I cannot recommend it highly enough for those who are interested in the subject matter. These are easily some of the most stunning photos I've ever seen in the urban exploring/abandoned world realm. It's been a fantastic conversation starter and coffee table piece for me.
The other awesome thing about the pictures in this book is the sheer beauty of the archietecture. The buildings are magnificent and it is so sad that they are largely being destoryed or neglected. I drool over the abject beauty of some of these old hospitals especially the large ones. I wish I had tons of money because, I would love to convert some of these buildings into condos or apartments. They are in such idealic locations in many cases because; mental patients like prisoners were often kept out of sight and out of mind of the general "normal" populations.
You look at some of these hospitals and think of all the suffering patients endured as doctors tried to cure them of madness using the most barbaric methods imaginable. Ice water shock baths, insulin therapy, electro shock, lobotomy to name just a few tortures inflicted on the mentally disturbed all in hopes of shocking the poor devils back into sanity. These were hospitals in name only what they really were are warehouses for the involuntary containment sick minds. The pictures are so crisp clear and compelling you can almost smeel the faint aroma of urine, feces cleaning solution and alcohol that seems omnipresent in such institutions. You look at the peeling pain old radiators acient medical equipment and you can hear the plaintive yelps of people unwillingly being lead to "treatment!"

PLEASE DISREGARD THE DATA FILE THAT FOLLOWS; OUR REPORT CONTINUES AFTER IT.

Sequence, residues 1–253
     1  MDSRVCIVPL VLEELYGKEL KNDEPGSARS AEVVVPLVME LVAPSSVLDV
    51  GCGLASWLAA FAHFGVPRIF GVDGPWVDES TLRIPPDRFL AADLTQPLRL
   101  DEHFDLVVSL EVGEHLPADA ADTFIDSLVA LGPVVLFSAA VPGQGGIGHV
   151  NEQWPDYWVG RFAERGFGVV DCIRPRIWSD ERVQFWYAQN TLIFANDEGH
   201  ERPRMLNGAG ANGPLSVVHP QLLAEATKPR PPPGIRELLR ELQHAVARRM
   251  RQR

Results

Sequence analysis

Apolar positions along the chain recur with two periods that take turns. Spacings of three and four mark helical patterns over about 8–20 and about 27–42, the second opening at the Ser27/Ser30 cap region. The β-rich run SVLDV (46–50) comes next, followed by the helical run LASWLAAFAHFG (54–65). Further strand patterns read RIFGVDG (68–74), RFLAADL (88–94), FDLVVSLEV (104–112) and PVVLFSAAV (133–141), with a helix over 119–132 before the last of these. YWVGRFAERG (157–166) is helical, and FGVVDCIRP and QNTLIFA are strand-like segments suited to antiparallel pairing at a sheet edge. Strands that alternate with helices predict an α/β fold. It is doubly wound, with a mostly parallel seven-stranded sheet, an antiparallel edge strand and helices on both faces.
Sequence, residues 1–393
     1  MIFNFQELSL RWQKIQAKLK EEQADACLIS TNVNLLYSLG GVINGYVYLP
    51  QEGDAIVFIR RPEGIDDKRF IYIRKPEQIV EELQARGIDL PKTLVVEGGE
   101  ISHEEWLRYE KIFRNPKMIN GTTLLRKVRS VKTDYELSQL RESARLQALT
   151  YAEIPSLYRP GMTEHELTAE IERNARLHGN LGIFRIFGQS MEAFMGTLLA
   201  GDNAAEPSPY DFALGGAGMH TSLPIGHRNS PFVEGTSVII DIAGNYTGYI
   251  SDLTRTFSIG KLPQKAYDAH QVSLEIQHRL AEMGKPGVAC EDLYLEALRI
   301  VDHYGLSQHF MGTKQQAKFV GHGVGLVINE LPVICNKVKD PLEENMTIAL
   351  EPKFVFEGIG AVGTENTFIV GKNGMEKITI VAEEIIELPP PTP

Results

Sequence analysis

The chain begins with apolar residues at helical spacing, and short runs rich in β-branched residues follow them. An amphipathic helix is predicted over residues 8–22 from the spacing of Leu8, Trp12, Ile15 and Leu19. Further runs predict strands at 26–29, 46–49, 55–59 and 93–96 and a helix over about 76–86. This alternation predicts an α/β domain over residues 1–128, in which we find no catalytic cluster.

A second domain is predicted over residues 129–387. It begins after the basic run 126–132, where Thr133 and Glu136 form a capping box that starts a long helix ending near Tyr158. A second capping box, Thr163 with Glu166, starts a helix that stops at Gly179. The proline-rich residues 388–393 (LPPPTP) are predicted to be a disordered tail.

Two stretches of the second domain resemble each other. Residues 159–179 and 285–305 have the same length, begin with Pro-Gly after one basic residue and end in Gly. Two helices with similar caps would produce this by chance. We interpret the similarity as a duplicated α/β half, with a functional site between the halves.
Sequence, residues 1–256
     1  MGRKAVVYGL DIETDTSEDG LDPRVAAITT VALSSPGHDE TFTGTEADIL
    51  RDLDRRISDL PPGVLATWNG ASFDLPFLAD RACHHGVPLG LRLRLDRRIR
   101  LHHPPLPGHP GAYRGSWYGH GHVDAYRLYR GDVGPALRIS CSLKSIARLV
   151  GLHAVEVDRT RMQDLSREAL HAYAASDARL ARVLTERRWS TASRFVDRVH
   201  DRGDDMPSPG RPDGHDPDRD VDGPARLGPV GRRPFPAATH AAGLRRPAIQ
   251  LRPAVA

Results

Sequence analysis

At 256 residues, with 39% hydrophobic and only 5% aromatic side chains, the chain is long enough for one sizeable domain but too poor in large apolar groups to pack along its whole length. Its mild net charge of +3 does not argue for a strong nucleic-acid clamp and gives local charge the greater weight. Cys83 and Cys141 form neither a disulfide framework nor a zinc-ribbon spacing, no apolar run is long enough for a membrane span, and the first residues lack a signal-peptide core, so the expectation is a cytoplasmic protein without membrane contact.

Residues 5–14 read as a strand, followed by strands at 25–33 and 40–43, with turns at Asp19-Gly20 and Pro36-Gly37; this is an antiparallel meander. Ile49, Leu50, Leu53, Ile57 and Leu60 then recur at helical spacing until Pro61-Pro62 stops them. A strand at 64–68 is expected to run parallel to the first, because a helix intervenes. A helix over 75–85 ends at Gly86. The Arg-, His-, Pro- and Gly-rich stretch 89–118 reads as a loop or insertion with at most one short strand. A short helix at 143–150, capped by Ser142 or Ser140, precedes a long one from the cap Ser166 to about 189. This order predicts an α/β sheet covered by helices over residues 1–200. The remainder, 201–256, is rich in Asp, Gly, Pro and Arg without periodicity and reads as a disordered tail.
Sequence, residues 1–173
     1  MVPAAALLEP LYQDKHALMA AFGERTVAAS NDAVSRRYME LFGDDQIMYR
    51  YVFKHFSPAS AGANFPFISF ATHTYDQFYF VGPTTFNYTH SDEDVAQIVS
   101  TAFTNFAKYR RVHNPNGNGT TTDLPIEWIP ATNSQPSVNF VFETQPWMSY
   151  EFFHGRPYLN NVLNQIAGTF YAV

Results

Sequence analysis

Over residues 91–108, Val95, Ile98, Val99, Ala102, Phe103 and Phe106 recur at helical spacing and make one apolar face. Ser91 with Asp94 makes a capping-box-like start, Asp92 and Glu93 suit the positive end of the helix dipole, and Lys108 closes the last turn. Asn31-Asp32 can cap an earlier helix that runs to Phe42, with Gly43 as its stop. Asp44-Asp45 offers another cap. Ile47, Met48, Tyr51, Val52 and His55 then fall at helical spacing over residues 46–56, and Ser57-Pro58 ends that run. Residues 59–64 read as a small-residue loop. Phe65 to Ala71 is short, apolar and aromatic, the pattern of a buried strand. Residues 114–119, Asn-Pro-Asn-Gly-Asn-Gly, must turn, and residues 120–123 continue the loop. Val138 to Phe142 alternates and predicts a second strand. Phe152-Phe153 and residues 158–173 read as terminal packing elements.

Some of the institutions have an Addams Family quality about them. Others look just like the human warehouses for insane minds they were designed to be. This book with its big empty decaying former mental institutions makes you think about the plight of the mentally ill today and that is not a bad thing. These institutions now dead and rotting away unseen makes you think about their former residents asking where are they now. Unfortunately those we once locked away as mental ill in hospitals shown in this book and many others we now know as "Homeless People!" Many but not all of the "Homeless People" rpaming our urban streets are the mentally ill who would have in earlier times filled the walls of these old hospitals to the bursting point.
Now the mental ill are FREE of their mental hospital prisons. Yes thanks to deinstiutionalization and psychiatric wonder drugs mental patients formerly locked away in huge mental hospital prisons are free to liter our urban landscape. Free to sit in dark dank alley ways muttering to themselves, off medication because; drug side effects often make then vulnerable to street predators. The community help proposed to help deinstitutionalized mental patients never materialized so sick minds roam the streets in search of food, drug, drink and home, hope lost full of despair. These huge mental hospitals were prisons of the mind with their horrific stories that set the stage for the story we witness today whenever we see a mental patient homeless ill fed, ill clothed and lost to the mean streets. This book of pictures of evils past is a direct connection to evils present if one bothers to think about the real meaning of all the empty hallways, bed chambers and medical bays. Oh yes with deinstiutionalization life for the mental patient changed profoundly as all these rotting hulks of former mental hospitals attest but upon witnessing the results of the homeless but mentally ill who are leigion on our streets was this change for the better. The real message of this book begs us to think about those who once called these places home are they better off for having been set FREE! That answer is yours to ponder after looking through this book!